What to do if you're the victim of a hit and run

No one ever wants to be the victim of a hit-and-run. Unfortunately, these types of accidents happen every day. In fact, according to data from the National Highway Traffic Safety Administration, there are nearly 650,000 hit-and-runs every year in the United States. Being the victim of a hit-and-run is a scary experience. You may be left feeling helpless and alone. But it's important to know what to do �and who to call for help so that you can get the help you need and begin to heal.  The first thing you should do after you've been hit is pull over to the side of the road and turn on your hazard lights. This will let other drivers know that you're stopped and make it easier for them to avoid hitting you. Once you're safely off to the side of the road, take a moment to assess any damage that was done to your car and your own physical well-being. If you or anyone in your vehicle is injured, call 911 immediately.    

Call the police

Calling the police is the most important thing you can do after a hit and run. The police will help you file a report, which will be important for your insurance claim. They may also be able to track down the driver who hit you. In many states, leaving the scene of an accident is a felony, so it's important to get law enforcement involved as soon as possible.

 Get medical attention

Even if you don't think you're injured. It's better to be safe than sorry. Sometimes injuries from car accidents don't present themselves until days or even weeks later. A visit to the doctor or hospital will also provide you with documentation of your injuries, which will be important for your insurance claim.  

Gather evidence from the scene of the accident

If possible, try to write as much detail as you can remember that could help identify the fleeing driver's car Information such as make, model, or license plate number will be very useful for the police to identify the driver and also file your insurance claim. You should also take pictures of the damage to your car, get any witnesses' contact information, and write down anything else you remember about the accident or the driver who hit you.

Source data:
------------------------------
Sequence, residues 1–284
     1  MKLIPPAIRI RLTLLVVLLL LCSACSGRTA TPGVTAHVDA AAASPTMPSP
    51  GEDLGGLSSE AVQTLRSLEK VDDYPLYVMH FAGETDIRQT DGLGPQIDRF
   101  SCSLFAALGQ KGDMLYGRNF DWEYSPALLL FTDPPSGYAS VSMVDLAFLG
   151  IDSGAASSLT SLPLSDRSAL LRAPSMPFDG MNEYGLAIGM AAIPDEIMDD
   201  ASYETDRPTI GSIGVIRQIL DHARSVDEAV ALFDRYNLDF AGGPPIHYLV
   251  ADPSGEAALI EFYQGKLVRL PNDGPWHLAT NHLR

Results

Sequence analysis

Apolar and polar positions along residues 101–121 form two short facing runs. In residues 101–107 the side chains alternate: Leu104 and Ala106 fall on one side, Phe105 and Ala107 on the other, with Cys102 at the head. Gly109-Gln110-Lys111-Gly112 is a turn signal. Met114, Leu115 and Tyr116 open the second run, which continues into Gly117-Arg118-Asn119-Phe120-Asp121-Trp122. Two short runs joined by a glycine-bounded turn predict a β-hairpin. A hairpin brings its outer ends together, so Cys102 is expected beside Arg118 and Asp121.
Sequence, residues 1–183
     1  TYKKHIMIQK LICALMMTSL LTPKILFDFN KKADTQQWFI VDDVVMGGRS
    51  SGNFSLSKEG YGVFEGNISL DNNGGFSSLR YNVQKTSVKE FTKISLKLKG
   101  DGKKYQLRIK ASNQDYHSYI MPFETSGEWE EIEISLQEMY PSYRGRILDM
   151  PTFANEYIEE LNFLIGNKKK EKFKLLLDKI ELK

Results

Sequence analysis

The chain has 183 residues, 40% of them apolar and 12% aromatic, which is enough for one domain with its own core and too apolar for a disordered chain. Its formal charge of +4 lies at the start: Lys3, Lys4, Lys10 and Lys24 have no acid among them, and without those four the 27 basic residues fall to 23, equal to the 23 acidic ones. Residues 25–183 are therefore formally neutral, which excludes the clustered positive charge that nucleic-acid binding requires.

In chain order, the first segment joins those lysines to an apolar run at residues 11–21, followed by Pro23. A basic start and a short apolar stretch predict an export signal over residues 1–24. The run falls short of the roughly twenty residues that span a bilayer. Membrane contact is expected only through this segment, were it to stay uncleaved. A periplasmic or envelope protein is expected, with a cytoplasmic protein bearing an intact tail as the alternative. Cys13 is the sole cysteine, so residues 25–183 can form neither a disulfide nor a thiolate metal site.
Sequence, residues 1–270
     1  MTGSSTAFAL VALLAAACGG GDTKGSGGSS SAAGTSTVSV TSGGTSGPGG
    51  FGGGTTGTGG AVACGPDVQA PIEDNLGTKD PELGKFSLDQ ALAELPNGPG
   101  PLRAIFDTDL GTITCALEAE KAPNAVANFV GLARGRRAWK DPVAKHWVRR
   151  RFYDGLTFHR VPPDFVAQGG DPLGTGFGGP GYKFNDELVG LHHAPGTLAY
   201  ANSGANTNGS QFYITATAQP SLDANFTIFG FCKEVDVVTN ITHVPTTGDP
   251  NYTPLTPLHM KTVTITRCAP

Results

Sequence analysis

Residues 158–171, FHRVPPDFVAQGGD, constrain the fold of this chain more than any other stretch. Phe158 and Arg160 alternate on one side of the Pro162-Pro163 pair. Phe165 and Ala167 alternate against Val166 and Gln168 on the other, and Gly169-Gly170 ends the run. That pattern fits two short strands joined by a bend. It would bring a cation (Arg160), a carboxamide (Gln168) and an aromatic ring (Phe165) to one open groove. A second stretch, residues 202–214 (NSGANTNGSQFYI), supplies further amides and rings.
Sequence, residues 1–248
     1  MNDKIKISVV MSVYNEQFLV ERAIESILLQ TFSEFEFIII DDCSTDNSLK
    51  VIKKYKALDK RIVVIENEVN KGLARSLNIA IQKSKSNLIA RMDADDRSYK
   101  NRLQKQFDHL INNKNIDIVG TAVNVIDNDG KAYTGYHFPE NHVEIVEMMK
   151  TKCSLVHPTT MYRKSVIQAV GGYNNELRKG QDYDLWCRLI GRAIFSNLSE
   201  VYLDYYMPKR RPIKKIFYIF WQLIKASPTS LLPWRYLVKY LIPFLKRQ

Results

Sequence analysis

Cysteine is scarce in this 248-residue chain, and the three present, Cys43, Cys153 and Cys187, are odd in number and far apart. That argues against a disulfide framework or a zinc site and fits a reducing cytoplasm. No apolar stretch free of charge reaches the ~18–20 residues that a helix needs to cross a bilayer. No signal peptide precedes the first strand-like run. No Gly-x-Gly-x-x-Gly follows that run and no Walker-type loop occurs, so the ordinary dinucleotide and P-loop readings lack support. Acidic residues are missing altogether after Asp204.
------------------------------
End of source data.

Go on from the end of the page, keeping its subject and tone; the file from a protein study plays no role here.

Contact your insurance company as soon as possible 

Your insurance company will help you figure out what kind of coverage you have and how to file a claim. Your insurance company will likely have its own requirements when it comes to hit-and-run accidents, so be sure to follow their instructions as well. They may also have their own investigators who can try to track down the driver who hit you.

Seek counseling or therapy if you're struggling emotionally

 A hit and run can be a traumatic experience, and it's important to deal with those emotions in a healthy way so that they don't end up impacting other areas of your life.  

Being the victim of a hit and run is scary, but it's important to know what to do in this situation so that you can get help and begin to heal. If you find yourself in this situation, it is important to stay calm and take some basic steps to protect yourself and your interests. By taking these steps, you will give yourself the best possible chance of getting justice after a hit-and-run accident. The most important thing is to call the police so that they can investigate the accident and file a report. You should also seek medical attention, even if you don't think you're injured, and gather evidence from the scene of the accident if possible. Once you've done those things, you can contact your insurance company to start working on a claim. And finally, don't hesitate to seek out counseling or therapy if you're struggling emotionally with what happened.  

Last but not least, give us a call! Our experienced personal injury attorneys can help you navigate this complicated process and ensure that you get the justice and compensation you deserve. Our law firm has extensive experience helping victims of hit and runs get justice, and we can help you too. Give us a call today for a free consultation!

Disclaimer: This material is provided for informational purposes only. The provision of this material does not create an attorney-client relationship between the firm and the reader and does not constitute legal advice. Legal advice must be tailored to the specific circumstances of each case, and the contents of this newsletter are not a substitute for legal counsel. Do not take action in reliance on the contents of this material without seeking the advice of counsel.

The information contained in this blog may or may not reflect the most current legal developments. Accordingly, information in this blog is not promised or guaranteed to be correct or complete, and should not be relied upon as such. Readers should conduct their own appropriate legal research.

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